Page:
In this philosophical mystery that exposes life’s hidden beauties and corruption, Ethan travels from London to Cambodia in a desperate attempt to locate his free-spirited sister, Charlotte, who has disappeared. He is unprepared for the color and chaos of Southeast Asia and relies on a bevy of questionable new friends while tracking her down.
The unexpected discovery of Charlotte’s journal gives Ethan tantalizing clues to her whereabouts, but her heartfelt words cause him to reevaluate everything he thought he knew about his sister.
The journal is a veritable travelogue of tourist hot spots and hidden gems. Charlotte’s impulsive wandering takes her—and later, Ethan—through the crowded streets and lonely villages of Cambodia, the jungle back roads of Laos, and the exotic markets and beaches of Thailand.
Vivid scenery and native cuisines and customs greet travelers from around the world, while the horror of the Killing Fields stands in stark contrast to their carefree, pleasure-seeking lifestyle. As a darker, seedier side of the tourist trade and drug subculture emerges in the text, suspense and a sense of urgency builds, and Ethan’s fear for Charlotte’s safety pushes him beyond his limits.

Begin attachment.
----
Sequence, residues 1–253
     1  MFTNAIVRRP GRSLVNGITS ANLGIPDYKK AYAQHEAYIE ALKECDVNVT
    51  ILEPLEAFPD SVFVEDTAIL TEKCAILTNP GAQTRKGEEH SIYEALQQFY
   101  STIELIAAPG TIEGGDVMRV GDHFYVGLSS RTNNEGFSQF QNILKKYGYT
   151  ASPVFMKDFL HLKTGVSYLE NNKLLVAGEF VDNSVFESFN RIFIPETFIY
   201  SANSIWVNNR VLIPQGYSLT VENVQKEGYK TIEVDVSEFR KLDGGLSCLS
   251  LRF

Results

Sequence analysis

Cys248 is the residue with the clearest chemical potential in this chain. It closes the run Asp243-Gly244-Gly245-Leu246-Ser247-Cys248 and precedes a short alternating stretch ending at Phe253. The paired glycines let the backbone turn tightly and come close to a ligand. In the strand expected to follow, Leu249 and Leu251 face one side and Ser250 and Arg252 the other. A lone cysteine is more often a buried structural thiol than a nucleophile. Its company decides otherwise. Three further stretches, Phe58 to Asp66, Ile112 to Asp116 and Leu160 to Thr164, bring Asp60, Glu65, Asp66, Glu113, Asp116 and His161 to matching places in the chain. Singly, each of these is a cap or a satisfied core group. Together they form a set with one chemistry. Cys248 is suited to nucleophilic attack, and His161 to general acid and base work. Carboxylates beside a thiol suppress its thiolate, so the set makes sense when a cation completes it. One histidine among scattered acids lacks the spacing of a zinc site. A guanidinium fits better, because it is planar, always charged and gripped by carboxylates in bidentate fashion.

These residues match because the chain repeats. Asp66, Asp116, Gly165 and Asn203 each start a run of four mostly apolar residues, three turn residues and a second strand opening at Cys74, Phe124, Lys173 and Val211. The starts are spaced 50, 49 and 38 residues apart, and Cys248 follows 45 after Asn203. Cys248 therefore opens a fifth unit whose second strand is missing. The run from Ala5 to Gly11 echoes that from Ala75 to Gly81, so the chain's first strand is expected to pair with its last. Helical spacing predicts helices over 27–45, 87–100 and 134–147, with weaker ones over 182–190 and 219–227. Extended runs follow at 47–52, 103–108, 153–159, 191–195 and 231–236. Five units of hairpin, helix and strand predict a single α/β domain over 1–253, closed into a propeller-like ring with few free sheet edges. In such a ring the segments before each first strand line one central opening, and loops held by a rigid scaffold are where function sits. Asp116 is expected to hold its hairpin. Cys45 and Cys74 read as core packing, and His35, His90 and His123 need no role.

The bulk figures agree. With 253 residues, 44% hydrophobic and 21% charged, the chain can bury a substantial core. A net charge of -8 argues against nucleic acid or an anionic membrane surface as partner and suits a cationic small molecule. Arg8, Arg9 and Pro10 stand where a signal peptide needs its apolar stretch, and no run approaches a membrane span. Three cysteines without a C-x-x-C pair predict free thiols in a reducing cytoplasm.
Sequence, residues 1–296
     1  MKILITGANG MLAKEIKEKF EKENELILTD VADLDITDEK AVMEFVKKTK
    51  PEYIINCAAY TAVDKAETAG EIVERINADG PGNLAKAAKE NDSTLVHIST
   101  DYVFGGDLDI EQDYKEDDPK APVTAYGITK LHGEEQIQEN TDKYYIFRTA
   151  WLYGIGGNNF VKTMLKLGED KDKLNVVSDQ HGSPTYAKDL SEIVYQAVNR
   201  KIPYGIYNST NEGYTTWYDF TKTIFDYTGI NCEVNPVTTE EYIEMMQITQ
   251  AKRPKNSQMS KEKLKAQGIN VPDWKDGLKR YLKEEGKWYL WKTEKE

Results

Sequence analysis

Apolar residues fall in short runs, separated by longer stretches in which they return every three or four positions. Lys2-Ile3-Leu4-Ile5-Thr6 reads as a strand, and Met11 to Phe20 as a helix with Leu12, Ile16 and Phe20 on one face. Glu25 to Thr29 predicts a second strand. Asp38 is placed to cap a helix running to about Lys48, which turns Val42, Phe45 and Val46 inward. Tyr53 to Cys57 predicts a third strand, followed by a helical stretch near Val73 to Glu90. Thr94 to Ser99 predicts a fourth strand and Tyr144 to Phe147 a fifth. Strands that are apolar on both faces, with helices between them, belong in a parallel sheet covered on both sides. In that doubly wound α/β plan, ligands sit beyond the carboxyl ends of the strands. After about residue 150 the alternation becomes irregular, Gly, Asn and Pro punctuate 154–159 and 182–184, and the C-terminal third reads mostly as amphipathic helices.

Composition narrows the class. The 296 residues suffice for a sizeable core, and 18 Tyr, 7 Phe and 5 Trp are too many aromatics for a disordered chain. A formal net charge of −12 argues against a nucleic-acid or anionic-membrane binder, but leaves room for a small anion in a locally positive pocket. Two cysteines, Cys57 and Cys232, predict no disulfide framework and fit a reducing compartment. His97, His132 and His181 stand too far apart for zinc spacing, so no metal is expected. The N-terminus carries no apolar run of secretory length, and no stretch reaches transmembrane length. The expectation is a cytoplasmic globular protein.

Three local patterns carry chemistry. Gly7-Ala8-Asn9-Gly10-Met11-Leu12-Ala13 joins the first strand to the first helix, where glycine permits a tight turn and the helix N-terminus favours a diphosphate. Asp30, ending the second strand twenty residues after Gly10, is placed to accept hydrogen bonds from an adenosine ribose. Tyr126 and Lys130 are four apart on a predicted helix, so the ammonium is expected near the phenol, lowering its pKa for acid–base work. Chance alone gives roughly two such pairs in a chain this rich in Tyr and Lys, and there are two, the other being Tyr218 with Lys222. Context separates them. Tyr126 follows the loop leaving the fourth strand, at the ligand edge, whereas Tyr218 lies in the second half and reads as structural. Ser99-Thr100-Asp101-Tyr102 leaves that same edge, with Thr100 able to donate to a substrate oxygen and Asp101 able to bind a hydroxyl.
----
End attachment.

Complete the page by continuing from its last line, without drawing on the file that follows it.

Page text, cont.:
Conversations with truth-seeking locals, peers, and expats young and old reveal a multitude of perceptions, and their unique personalities keep the weightier dialogue fresh and intriguing.
Ethan’s quiet introspection plays next to Charlotte’s dramatic personality, highlighted through flashbacks of a cold and structured childhood, and in particular of Charlotte’s volatile relationship with her insensitive, austere father. Ethan’s adoration of his wild older sister is evident, and as he steps into the uncomfortable role of leader rather than follower, it becomes apparent that perhaps Charlotte is not the only one who is lost.
A mosaic of aphorisms and exotic sights and sounds, The Journal contains a thought-provoking commentary on the power of family and relationships.
Pallas Gates McCorquodale
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